No warning of ectropion

Failure to warn a patient of the possible complication of ectropion following blepharoplasty led to a successful claim

A 54-year old woman consulted a plastic surgeon, an MDU member, seeking surgical intervention to improve the appearance of wrinkles beneath her eyes. The surgeon discussed possible alternatives, including minimally invasive methods of improving the appearance, and the patient left to consider her options further.

She arranged to see the plastic surgeon again a few months later and following further discussion opted to undergo bilateral blepharoplasty. She was warned of the risks of surgery, including anaesthetic risk, bleeding, infection, and that there would be some scars. The surgeon also advised of the risk of developing post-operative chemosis and asymmetry.

No asymmetry was evident following surgery, and everything appeared satisfactory. When the patient attended for removal of sutures a week later, it was noted that there was bilateral ectropion and chemosis. She was advised on how to manage this with conservative measures, including massage and moisturising. Arrangements were made to review her progress.

There was significant improvement at review two weeks later, but only on the left side. Unfortunately the right-sided ectropion and chemosis persisted. She was given steroid eye drops and asked to return for review in three weeks.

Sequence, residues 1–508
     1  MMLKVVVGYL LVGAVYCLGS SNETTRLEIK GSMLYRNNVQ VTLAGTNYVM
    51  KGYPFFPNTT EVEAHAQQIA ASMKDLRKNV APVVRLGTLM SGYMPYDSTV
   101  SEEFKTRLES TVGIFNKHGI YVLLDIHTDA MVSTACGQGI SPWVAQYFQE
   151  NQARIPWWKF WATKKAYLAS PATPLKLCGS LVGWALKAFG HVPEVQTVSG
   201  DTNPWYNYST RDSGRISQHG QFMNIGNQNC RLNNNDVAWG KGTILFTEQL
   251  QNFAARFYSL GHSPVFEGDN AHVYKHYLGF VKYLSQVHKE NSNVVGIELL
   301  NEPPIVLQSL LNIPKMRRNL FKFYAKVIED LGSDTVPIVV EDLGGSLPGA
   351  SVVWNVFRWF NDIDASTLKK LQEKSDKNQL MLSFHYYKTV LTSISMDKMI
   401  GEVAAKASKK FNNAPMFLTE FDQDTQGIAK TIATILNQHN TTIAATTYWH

The appearance of the patient's eyes did not improve, however, and therefore arrangements were made to carry out a lower eyelid release. Unfortunately, the desired improvement was not achieved. The patient sought a second opinion, and underwent corrective surgery with a different surgeon, involving a skin graft.

A claim was then brought against our member. The allegations included that the consultant had breached his duty of care by excising excessive skin, leading to tension below the right eye which caused an ectropion to develop. It was also alleged that this would have been evident immediately at the end of surgery and on post-operative review. When corrected surgically, a skin graft should have been undertaken.

Solicitors and an expert plastic surgeon were instructed, and it was noted that in the pre-operative discussions there had been no specific mention of the possibility of developing an ectropion, and that further corrective surgery had been required. It was felt that, on balance, too much tissue had been excised at the initial operation, leading to complications. While it is recognised that such complications can occur with non-negligent surgery, in this case the specific risk of developing an ectropion was not something the patient had been explicitly warned of.

Unfortunately, it was felt likely that our member would be found to be in breach of duty, and therefore a decision was made to settle this case.

Following negotiations, the claim was settled for £20,000 damages, and costs at £80,000. The costs were claimed under a conditional fee agreement, which included a 100% success fee. The MDU successfully challenged the initial costs bill of well over £100,000, reducing it by over 25%.

Dr Catherine Thompson
Senior medical claims handler

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